A statement from The College of Teachers on
“TOWARDS A ROYAL COLLEGE OF TEACHING: raising the status of the profession”
Since its inception in 1846, the College of Teachers (formerly the College of Preceptors) has strived, with some success, to promote the status of teaching as a profession. In today’s complex environment with all its pressures, constraints and opportunities the imperative for a high quality, high status teaching profession has never been greater.
It is for this reason that The College of Teachers strongly supports, and is actively participating in, the current discussions on the development of a royal college of teaching. In particular it has been pleased to contribute to the book – Towards a Royal College of Teaching, published 30 April 2013 – through membership of the editorial team and adding its voice to the contents.
Dr Raphael Wilkins (President of the College of Teachers) said “This book provides a wide- ranging set of views and insights into the challenge facing us all in developing a teaching profession for the 21st century and beyond. The book complements the articles in the latest edition of our own journal Education Today, which also includes a full statement of the College of Teachers’ approach to this debate.”
Matthew Martin (Chief Executive of The College of Teachers), in his contribution to the book, points out that “Teaching as a profession is unique. It is made up of experts in every subject imaginable who are simultaneously expert in the science of pedagogy and skilled in the art of teaching” and goes on to argue that a body such as a royal college “is vital for the long-term growth, health and independence of a profession.”
The debate has started; already a lively discussion is taking place and in the coming months there will be further developments, including the outcomes of the work of the independent commission convened by the Prince’s Teaching Institute.
“Ultimately there needs to be a coming together of the different parties because the last thing we need at this, or indeed any, stage is further fragmentation of the teaching profession” said Professor Derek Bell (one of the College of Teachers’ professors and Chair of the Professional Committee).
The College of Teachers is pleased to have contributed to the discussions so far and very much welcomes the opportunity to play its role in subsequent stages as the initiative develops.
NOTES FOR EDITORS
1. The College of Teachers (www.collegeofteachers.ac.uk) was established in 1846 and received its Royal Charter in 1849 as the College of Preceptors – a name it kept until being re-launched as The College of Teachers by Supplemental Royal Charter in 1998. The College is believed to be the world’s oldest professional educational institute for teachers in continuous operation. From 1847, The College introduced accredited professional qualifications in the theory and practice of education, and went on to establish the first Professor of Education in 1873. In 1902, with other partners, The College established the London Day Training College which became the Institute of Education, University of London.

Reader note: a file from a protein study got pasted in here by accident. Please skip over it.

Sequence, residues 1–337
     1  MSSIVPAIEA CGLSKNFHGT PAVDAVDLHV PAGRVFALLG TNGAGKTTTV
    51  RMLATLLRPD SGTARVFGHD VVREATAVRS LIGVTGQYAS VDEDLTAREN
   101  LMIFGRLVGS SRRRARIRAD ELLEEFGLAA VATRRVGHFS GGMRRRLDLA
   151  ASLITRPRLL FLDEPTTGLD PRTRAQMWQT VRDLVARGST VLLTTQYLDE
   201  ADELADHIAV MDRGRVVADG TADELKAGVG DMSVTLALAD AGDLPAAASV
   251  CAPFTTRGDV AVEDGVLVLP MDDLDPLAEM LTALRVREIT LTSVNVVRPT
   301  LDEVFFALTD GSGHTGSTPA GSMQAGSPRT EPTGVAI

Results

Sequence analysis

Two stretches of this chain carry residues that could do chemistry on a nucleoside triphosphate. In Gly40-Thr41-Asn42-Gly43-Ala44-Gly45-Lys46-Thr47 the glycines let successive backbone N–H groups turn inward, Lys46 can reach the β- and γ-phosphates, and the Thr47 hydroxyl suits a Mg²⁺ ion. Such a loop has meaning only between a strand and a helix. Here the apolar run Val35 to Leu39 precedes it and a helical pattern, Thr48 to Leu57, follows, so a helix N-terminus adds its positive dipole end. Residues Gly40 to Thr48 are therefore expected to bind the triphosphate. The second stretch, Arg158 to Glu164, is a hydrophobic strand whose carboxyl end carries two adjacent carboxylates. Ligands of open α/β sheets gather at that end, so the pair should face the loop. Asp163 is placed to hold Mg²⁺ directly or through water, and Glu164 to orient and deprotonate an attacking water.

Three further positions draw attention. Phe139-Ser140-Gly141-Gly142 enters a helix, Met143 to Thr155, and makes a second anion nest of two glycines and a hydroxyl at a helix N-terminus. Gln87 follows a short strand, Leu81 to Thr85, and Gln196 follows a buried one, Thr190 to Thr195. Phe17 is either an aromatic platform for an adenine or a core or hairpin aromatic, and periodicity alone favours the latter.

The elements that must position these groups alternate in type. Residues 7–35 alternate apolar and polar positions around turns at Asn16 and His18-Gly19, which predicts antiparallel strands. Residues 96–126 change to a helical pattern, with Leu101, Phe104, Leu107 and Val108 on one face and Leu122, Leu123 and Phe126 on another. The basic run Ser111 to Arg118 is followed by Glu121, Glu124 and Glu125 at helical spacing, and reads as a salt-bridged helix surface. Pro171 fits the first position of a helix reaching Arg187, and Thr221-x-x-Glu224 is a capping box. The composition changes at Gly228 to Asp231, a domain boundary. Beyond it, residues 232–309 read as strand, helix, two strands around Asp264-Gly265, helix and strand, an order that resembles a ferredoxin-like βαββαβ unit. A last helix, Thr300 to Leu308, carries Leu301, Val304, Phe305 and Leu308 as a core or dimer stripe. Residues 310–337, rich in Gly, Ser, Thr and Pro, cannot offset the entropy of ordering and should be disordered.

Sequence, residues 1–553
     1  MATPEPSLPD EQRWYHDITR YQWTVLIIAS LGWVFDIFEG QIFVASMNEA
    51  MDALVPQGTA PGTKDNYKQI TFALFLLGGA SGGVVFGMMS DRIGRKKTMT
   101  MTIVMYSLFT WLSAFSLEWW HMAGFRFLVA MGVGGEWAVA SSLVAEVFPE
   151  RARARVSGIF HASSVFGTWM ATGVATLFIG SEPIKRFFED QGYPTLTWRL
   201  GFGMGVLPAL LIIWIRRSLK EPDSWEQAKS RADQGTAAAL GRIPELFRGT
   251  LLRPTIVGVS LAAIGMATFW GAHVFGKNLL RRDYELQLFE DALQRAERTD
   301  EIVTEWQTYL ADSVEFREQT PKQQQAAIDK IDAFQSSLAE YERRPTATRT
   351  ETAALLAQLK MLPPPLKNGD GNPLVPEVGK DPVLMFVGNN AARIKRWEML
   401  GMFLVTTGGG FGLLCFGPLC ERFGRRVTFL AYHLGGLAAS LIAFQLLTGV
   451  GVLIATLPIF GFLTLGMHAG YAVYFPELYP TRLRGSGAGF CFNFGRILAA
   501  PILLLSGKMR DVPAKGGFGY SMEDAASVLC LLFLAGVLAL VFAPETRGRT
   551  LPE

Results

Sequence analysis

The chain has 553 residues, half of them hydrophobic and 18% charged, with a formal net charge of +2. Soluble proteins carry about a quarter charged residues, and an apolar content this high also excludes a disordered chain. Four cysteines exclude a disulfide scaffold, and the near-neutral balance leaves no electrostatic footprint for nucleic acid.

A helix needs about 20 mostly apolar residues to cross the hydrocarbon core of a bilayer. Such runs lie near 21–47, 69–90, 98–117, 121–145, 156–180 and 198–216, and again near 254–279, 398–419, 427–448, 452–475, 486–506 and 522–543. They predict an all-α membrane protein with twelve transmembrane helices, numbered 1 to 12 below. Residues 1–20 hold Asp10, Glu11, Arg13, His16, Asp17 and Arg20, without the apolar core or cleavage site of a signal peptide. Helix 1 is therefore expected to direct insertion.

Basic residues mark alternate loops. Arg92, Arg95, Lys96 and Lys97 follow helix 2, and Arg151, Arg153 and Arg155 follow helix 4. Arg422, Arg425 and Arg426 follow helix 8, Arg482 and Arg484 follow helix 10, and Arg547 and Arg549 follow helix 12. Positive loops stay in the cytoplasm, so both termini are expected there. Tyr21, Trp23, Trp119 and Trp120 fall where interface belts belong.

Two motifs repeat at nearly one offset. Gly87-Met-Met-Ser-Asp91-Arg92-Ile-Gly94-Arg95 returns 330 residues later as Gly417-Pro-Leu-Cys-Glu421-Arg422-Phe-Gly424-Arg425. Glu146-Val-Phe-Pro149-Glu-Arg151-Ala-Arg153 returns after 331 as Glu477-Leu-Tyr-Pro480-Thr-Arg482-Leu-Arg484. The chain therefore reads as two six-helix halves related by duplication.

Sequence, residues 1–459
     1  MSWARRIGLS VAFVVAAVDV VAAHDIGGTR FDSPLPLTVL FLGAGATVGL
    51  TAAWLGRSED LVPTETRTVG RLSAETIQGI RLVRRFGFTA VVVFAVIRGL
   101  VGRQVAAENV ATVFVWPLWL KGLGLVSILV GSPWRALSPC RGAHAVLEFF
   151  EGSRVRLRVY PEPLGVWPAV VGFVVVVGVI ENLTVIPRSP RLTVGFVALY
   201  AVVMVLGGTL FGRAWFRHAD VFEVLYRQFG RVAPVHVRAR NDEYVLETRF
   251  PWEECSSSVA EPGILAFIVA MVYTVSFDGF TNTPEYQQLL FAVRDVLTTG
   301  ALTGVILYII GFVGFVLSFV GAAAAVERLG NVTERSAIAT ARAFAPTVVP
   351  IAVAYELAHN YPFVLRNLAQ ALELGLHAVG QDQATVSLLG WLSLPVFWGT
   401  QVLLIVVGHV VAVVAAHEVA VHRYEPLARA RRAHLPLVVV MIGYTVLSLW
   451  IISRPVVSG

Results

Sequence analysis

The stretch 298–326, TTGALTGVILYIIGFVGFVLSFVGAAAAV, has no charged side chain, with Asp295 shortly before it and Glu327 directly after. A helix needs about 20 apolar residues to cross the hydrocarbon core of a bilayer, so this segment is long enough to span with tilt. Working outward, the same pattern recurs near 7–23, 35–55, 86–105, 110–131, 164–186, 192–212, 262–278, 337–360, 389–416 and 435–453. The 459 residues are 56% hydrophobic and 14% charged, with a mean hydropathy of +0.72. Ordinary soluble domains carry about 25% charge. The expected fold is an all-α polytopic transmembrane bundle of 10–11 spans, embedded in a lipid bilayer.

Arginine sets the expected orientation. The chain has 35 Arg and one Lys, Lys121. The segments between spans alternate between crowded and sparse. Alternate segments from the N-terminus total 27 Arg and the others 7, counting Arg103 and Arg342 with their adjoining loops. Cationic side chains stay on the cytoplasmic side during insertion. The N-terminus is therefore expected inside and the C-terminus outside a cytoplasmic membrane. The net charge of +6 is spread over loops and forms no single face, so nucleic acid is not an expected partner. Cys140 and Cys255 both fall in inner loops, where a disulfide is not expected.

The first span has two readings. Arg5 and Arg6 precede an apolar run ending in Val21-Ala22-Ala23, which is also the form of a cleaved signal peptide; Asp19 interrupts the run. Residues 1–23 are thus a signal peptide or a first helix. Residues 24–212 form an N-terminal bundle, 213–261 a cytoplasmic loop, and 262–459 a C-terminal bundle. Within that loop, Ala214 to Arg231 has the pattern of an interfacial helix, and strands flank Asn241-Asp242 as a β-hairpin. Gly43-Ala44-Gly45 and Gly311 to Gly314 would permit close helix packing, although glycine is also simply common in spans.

The College maintains a broad definition of teaching, and works across all sectors, phases and specialisms of education. The College has worked for the professionalisation of teaching for over 160 years and has accumulated technical expertise which has been accessed by the governments of several countries. The College awards professional qualifications in the UK and worldwide, both directly and through its 30 Centres in nine countries.
2. Dr Raphael Wilkins (President of the College of Teachers) and Professor Derek Bell (one of the College of Teachers professors and Chair of the Professional Committee) were part of the editorial team led by Charlotte Leslie in producing the book Towards a Royal College of Teaching. Matthew Martin (Chief Executive of The College of Teachers) contributed one of the voices.
3. Education Today is the journal of The College of Teachers and the latest edition published in March 2013 can be found at:http://www.collegeofteachers.ac.uk/publications/education-today/current-issue
4. For further information please contact: Philip Oldershaw, Marketing Officer,firstname.lastname@example.org, 020 7911 5536.
We are the UK’s professional educational institute for teachers. We support the teaching profession through networks of membership and qualifications.
Our members include primary, secondary and special educational needs teachers, lecturers, university staff, teaching assistants, industrial trainers, local authority managers and governors both in the UK and around the world. Many specialist associations, agencies, colleges and schools also belong to The College as Institutional Members.
Our qualifications range from attendance certificates through to doctoral level and are professional in nature, allowing everyone involved in education to have their professional achievement and expertise recognised and rewarded. As these qualifications are awarded under our Royal Charter they benefit from international recognition allowing their holders to move schools, local authorities, and even countries safe in the knowledge that their qualifications will be recognised.
Holding the 366th Royal Charter, issued by the Privy Council in 1849, we are run by our Members for our Members and strive to support improvements in standards of teaching and learning.